More than a decade later, when Mokoena was getting married, her bridal shower had to be cancelled because her mother had again been admitted to hospital. Although she was well enough to make it to her daughter’s wedding, she was tired and “out of it”. Mokoena believes it was because of her medication. Feeling sleepy or slow are typical side-effects of antipsychotic medication, according to the Royal College of Psychiatrists.

“At first the medication they gave her would cause her to be withdrawn and quiet. She’d be glassy-eyed, just staring into space and not really talking to us. But once she changed doctors and got on to different medication, she started getting much better.”

According to the WHO, children with a parent who has a mental illness are at a high risk of experiencing family discord. Schizophrenia is not curable and requires lifelong treatment with medication as well as therapy to manage the symptoms.

Like Mokoena’s mother, a parent may be separated from their children if the symptoms or altered behaviour caused by the mental illness become severe and they have to be admitted into a facility, says psychiatrist Eileen Thomas from Tygerberg Hospital in Cape Town.

“It is important to note that people with a mental illness share the same universal aspirations to form intimate relationships and have children,” says Thomas. “But changes in the parent’s cognition may cause them to become disengaged from their children or families.”

Generational healing
Mokoena’s mother hasn’t had a major incident or episode in the past six years. But she has been forced into retirement from her job as a teacher because of her condition. “She is doing alright. She’s still on medication, which is very expensive, but she gets by.”

Today, 35-year-old Mokoena is married and has two daughters, but her relationship with her mother is still strained.

“I guess it’s a normal relationship. I don’t know. I don’t know where to draw comparisons from,” she says. “We are not close. I love her and I do tell her that. But when we get into arguments and she says hurtful things I wonder if it’s her illness or if she is just being mean.”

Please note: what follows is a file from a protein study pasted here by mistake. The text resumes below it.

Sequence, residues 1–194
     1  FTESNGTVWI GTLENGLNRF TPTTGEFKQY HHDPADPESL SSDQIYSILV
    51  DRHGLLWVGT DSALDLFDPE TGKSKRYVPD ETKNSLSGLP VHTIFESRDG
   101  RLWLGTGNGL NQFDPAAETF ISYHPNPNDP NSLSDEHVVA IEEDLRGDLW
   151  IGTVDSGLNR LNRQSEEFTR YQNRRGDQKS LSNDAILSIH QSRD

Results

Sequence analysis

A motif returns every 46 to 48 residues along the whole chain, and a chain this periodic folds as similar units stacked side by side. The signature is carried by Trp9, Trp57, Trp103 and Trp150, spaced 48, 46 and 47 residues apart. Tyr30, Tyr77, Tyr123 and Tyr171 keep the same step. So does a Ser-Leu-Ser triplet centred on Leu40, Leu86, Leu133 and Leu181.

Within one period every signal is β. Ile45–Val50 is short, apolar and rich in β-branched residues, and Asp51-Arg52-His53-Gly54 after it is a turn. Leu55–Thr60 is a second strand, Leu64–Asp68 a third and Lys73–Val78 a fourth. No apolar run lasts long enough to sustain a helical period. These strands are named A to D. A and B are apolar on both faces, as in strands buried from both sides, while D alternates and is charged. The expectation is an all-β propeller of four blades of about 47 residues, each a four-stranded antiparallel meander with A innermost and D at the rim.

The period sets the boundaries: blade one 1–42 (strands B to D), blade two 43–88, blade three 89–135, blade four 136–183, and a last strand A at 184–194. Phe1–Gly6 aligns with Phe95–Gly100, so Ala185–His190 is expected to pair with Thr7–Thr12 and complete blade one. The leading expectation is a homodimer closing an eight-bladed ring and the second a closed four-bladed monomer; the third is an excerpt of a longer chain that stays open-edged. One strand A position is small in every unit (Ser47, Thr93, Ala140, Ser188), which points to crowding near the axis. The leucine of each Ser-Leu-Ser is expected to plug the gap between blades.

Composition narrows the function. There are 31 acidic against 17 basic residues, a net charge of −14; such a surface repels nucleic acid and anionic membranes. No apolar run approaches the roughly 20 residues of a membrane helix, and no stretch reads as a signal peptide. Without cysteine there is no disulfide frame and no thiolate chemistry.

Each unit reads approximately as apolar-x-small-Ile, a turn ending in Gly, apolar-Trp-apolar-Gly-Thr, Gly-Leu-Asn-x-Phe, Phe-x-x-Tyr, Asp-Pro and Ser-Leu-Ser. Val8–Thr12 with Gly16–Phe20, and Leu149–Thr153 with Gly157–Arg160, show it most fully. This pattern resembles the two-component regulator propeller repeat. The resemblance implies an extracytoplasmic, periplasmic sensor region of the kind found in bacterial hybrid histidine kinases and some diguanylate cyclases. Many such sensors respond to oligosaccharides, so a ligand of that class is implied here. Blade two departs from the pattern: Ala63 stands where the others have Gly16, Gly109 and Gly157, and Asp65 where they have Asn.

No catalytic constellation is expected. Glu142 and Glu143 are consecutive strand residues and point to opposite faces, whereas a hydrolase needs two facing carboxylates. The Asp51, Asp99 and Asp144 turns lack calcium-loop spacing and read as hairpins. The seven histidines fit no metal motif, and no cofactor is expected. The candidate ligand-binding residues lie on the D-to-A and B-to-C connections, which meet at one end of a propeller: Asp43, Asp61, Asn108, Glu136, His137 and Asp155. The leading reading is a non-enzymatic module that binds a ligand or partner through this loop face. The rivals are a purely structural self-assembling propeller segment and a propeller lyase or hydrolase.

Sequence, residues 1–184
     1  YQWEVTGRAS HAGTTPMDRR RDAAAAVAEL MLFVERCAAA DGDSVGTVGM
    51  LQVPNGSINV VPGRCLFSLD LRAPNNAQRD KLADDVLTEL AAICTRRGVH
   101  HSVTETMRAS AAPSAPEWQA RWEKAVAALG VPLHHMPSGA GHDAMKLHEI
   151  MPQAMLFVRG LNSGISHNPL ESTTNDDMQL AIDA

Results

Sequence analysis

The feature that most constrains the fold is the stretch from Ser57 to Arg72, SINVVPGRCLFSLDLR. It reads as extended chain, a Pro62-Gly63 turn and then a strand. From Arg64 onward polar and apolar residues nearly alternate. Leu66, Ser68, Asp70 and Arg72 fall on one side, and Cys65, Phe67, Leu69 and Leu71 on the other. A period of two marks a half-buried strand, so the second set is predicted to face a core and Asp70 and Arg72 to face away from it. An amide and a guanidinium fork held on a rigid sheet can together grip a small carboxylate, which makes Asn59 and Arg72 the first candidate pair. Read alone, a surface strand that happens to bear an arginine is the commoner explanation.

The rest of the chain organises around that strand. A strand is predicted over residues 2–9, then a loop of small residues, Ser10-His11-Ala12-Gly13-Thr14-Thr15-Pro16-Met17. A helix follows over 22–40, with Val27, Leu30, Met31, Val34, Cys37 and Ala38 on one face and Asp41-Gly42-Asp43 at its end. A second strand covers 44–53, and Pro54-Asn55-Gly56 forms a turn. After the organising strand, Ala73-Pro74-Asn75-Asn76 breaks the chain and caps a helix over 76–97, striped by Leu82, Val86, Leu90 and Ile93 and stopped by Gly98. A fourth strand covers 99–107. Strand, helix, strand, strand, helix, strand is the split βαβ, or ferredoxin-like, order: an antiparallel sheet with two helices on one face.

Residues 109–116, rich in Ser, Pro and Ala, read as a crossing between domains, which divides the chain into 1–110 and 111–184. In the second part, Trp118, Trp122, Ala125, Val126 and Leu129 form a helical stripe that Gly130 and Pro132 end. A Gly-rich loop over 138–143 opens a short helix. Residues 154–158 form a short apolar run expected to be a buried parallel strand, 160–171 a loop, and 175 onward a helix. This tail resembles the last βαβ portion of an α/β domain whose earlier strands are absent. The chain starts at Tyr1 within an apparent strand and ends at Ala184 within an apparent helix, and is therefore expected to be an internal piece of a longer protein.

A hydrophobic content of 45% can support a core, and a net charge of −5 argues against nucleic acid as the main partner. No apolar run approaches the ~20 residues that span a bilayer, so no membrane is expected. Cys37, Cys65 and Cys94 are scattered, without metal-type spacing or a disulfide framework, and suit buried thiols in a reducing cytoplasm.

Recently, Mokoena posted a photograph of herself and her younger sister on the social network, Instagram. But when she showed the photograph to her mother she said: “Yoh, you look so ugly.”

“I didn’t even discuss it with her. I went straight to my dad and he said: ‘She’s just down these days.’ 

“It’s tough. Sometimes I let it go, sometimes I can’t. But I don’t know what to do about it so I just let it be.”

Thomas points out that parents with a mental illness may find it difficult to control their emotions and this can have a negative effect on how they relate emotionally and interact with their children.

“Although parents with active mental illness will require additional care and support … it is important to note that no direct associations between mental illness and parenting ability exist,” says Thomas.

Mokoena says she has always had the support of her extended family and still enjoys a particularly close relationship with her grandmother. “My granny is my inspiration; she guides me and lifts me up. She is always there for me.”

*Not her real name

Ina Skosana is a Pfizer Mental Health fellow.


Tough but treatable mental disorder

Schizophrenia typically begins in late adolescence or early adulthood. There are effective treatments for the condition and people with it can lead a productive life and be integrated in society.

  • Schizophrenia affects about 1% of the world’s population;
  • One in two people living with schizophrenia do not receive care for the condition;
  • Family interventions, whereby the patients and their relatives can attend psychiatric therapy sessions, are effective at preventing relapse of symptoms;
  • In a country like South Africa where there has been a shift from institutionalisation to community care, family therapy treatment models are an important option to explore;
  • Problems with adherence to medication, limited psychoeducation and “low expressed emotion” are challenges to effective family therapy models; and
  • South Africa and other countries have additional problems because of the stigmatisation of mental illness as well as cultural perceptions of the condition that may affect mental health care.

Sources: WHOSA Journal of Psychology, June 2011, Volume 42, no 2